Mead's budget contains millions for senior care
December 27, 2018
CHEYENNE — As lawmakers parse through Gov. Matt Mead’s supplemental budget requests during the 2019 general session, a question they will have to find an answer to is how to ensure Wyoming’s aging population has the care it needs.
Included in Mead’s supplemental request for the second half of the state’s biennium budget is $13.5 million to take care of the state’s aging population. About $2.5 million is being requested for increased enrollment in nursing facilities in Wyoming, which is being matched by $2.5 million in federal funds. Another $5.72 million is being requested for increases in Medicare costs related to both inpatient and outpatient medical treatments.
“The demographics of the state are changing quickly, and these changes will continue to impact the budget over the next few decades,” said Tom Forslund, director of the Department of Health, during a Joint Appropriations Meeting this month. “It’s simply a matter of demographics. The state is getting older.”
When compared to the rest of the country, a study by the AARP found that by 2055, the number of citizens in Wyoming age 85 and older could increase by as much as 227 percent, and make up more than 5 percent of the total population. Another major issue with that aging population is the prevalence of more chronic diseases. As Wyomingites are aging, they are doing so with more health issues that require expensive treatments.
As the state gets older and people live longer with more diseases, the cost of providing care will continue to increase. That is especially true when the long-term financial health of Wyoming is taken into consideration. Many people who are reaching retirement are doing so with very little money put aside for care after they stop working. And when someone can’t afford treatment, the state takes up that burden, Forslund said.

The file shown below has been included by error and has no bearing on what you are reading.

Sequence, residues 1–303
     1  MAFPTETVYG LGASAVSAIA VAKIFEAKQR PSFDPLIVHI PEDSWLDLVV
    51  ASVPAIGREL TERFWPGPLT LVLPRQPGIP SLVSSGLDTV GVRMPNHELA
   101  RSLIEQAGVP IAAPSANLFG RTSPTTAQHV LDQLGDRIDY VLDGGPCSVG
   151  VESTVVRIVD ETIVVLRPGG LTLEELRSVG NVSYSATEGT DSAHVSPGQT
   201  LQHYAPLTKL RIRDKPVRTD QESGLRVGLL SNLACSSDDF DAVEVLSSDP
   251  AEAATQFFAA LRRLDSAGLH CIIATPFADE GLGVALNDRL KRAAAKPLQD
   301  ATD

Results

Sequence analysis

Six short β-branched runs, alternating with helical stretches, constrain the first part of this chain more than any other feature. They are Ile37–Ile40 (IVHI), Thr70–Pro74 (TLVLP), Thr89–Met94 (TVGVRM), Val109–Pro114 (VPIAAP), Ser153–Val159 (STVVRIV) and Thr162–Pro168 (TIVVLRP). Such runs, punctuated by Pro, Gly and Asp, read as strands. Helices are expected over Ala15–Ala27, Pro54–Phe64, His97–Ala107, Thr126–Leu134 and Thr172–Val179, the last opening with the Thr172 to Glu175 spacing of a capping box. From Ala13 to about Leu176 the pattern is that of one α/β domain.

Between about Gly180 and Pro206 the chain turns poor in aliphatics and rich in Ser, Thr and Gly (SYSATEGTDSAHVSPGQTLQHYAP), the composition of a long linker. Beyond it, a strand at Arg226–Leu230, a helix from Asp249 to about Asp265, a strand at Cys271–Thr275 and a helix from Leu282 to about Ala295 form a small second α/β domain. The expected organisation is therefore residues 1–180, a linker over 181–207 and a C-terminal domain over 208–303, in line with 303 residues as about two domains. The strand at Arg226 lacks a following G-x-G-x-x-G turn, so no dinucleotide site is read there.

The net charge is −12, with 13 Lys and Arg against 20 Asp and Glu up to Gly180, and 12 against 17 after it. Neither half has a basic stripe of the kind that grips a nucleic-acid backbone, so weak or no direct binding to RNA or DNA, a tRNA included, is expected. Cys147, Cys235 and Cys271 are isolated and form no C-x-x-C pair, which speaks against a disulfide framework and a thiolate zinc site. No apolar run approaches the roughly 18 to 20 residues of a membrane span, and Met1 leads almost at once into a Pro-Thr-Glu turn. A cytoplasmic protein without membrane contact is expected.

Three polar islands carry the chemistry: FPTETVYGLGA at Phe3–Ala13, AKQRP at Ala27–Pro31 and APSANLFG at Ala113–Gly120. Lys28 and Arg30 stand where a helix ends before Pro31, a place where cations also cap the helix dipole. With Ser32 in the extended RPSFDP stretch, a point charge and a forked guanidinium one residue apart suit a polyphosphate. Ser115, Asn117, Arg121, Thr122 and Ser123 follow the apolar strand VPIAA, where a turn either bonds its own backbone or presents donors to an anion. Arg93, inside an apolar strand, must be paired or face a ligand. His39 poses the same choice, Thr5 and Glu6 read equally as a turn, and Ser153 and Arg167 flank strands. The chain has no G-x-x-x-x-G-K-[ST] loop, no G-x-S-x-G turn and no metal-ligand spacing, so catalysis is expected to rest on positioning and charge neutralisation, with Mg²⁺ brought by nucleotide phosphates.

Wyoming is already seeing the impacts on its budgets, he said. And as baby boomers age, the state will have to find more money to provide care. Forslund estimated the Department of Health will need $17 million more in additional funding with each biennium budget cycle for decades to come.
“When I have people say what can you do to resolve it, the bottom line is I can’t. Nobody can. It’s demographics,” he said.
The state is estimating now that Wyoming’s long-term Medicaid costs are likely to increase from approximately $130 million a year to $312 million per year by 2030, with half of that falling to the state to fund, Forslund said.
The increase in older residents will go hand in hand with a drop in the number of Wyomingites under the age of 65, which is set to decrease by 2 percent from 2015’s population. That means there will be fewer people of working age to provide care, whether it is as health-care workers or as family members taking care of elderly relatives, Forslund said.
“The issue is who is going to work in the homes, who is going to work in the nursing homes?” Forslund said. “We have a significant labor shortage facing us in the state.”
A major reason for the shortage of health-care workers is the tightening on immigration into the country, Forslund said. Traditionally, new immigrants to the country work in the positions that are now difficult to fill, in large part because they typically are on the lower end of the pay scale.
The state needs to focus now on working to keep people in their homes as long as possible and out of nursing homes or assisted living facilities, Forslund said. The cost of providing assistance to someone living in place verses in a facility of some kind is significantly less and will allow state dollars to go further.
That means looking at everything from funding educational programs for nursing to increasing funding for adult day-care programs to looking at ways to fast-track the use of new technologies that can help people age in home.
Finding ways to keep people in their homes is one of the main focuses of AARP Wyoming’s advocacy on the state level, said Sam Shumway, the group’s director in Wyoming. He said the state needs to invest now in in-home care to help prevent an increase in the reliance of nursing home and assisted living facilities, which will eventually cause the state’s health-care budget to balloon.
“Home service providers throughout state that offer services are so important for two reasons. One, it allows people to age in their home and keeps them from having to move out into a nursing home,” Shumway said. “And two, providing in-home care is a fraction of the cost of a nursing home. It costs about $90,000 on average for care in a nursing home. Compare that to less than $2,000 a year for in-home care.”